Gary Porter

About Gary Porter

Gary Porter is Executive Director of the Constitution Leadership Initiative (CLI), a project to promote a better understanding of the U.S. Constitution by the American people. Mr. Porter presents talks on various Constitutional topics, writes a weekly essay, "Constitutional Corner," which is published on multiple websites, and is the former host of a weekly radio show, “We the People, the Constitution Matters,” on WFYL AM1140.

George Washington Resigns His Military Commission

By |2020-12-28T11:27:17-06:00December 22nd, 2020|Categories: American Founding, George Washington, History|

John Trumbull, who would memorialize this great event in a painting which—commissioned in 1817 by Congress—now hangs in the United States Capitol Rotunda, called Washington’s resignation “one of the highest moral lessons ever given to the world.” In an example of unrivaled statesmanship, General George Washington resigned his military commission at the State House in [...]

1619: The Beginning of Self-Government in Virginia

By |2021-04-22T10:57:37-05:00July 29th, 2020|Categories: American Founding, American Republic, Civilization, Government, History, Politics|

On July 30, 1619, the newly appointed Governor, Sir George Yeardley, set in motion the concept of self-government in the Virginia colony. He called forth the first representative legislative assembly in America, establishing Virginia’s House of Burgesses—today, the Virginia Assembly. The yearning for self-government springs eternal. In the first Federalist essay, Alexander Hamilton famously observes: [...]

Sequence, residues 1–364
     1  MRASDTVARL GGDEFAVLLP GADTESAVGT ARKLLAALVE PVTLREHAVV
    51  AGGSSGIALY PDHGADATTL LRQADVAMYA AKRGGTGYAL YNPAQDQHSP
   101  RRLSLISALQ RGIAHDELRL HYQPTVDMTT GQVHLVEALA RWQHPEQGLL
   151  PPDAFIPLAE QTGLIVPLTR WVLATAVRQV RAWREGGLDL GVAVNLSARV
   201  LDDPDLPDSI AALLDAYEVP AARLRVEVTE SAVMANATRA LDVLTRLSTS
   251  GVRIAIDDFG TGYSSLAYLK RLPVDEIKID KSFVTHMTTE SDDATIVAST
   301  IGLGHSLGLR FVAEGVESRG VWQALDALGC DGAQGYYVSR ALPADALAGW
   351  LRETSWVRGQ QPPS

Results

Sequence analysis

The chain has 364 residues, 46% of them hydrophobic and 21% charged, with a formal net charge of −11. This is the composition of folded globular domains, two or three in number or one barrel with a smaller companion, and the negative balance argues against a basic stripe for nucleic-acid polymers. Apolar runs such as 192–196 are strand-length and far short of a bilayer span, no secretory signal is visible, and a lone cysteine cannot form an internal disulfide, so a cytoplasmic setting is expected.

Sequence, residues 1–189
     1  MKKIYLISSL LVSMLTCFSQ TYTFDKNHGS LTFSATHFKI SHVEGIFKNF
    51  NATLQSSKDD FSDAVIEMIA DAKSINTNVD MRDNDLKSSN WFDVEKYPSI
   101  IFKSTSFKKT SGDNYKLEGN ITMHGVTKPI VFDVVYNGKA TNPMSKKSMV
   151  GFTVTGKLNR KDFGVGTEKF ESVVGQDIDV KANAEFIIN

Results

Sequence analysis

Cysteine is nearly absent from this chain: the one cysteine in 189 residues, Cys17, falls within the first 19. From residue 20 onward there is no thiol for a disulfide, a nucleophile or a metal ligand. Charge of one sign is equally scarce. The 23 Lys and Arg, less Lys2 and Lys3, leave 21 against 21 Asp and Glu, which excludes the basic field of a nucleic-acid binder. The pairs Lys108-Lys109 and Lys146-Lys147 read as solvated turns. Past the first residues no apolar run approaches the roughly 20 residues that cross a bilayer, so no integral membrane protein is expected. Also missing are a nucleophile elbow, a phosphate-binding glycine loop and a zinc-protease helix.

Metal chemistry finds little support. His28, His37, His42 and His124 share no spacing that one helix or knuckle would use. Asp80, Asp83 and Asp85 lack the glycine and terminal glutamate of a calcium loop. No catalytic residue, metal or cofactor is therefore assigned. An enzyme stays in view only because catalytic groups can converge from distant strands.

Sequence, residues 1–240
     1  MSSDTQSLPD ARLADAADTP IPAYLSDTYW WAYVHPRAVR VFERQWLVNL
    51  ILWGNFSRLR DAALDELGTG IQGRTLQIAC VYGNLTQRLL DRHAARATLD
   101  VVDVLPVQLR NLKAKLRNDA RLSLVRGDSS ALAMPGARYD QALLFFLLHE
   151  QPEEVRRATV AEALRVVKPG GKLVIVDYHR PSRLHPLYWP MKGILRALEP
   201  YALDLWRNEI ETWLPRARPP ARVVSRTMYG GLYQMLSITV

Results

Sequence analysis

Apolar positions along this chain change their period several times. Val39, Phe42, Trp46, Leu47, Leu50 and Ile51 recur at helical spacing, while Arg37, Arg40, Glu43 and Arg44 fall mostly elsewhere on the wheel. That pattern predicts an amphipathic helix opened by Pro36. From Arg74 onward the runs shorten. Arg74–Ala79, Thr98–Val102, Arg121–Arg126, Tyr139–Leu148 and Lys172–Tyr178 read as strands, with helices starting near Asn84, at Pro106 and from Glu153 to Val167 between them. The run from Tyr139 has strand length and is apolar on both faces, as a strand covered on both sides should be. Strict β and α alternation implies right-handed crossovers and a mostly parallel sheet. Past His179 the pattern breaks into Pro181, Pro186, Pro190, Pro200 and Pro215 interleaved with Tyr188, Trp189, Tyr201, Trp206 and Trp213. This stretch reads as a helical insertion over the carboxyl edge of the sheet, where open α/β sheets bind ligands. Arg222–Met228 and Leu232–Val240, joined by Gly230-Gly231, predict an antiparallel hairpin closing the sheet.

The Constitutional Intrigue of West Virginia Statehood

By |2020-01-18T20:59:39-06:00May 21st, 2019|Categories: American Republic, Constitution, Government, History, Politics|

Admitted in June 20, 1863 by ratifying the U.S. Constitution, West Virginia became the thirty-fifth state. It is known as “The Mountain State” with the West Virginia State Constitution in current use adopted in 1872. The story of how West Virginia became a state is an amazing story, full of constitutional intrigue and sleight-of-hand worthy [...]

Maryland’s 1867 State Constitution, Among the Oldest in Use Today

By |2021-04-22T18:35:02-05:00April 10th, 2019|Categories: American Founding, Constitution, History|

Maryland has one of the oldest state constitutions in use today, as well as one of the longest Declarations of Rights. As such, it provides both the historian and constitutional scholar much to occupy their time. A detailed study of the rights of Maryland’s citizens will be time well spent. Maryland is the seventh state [...]

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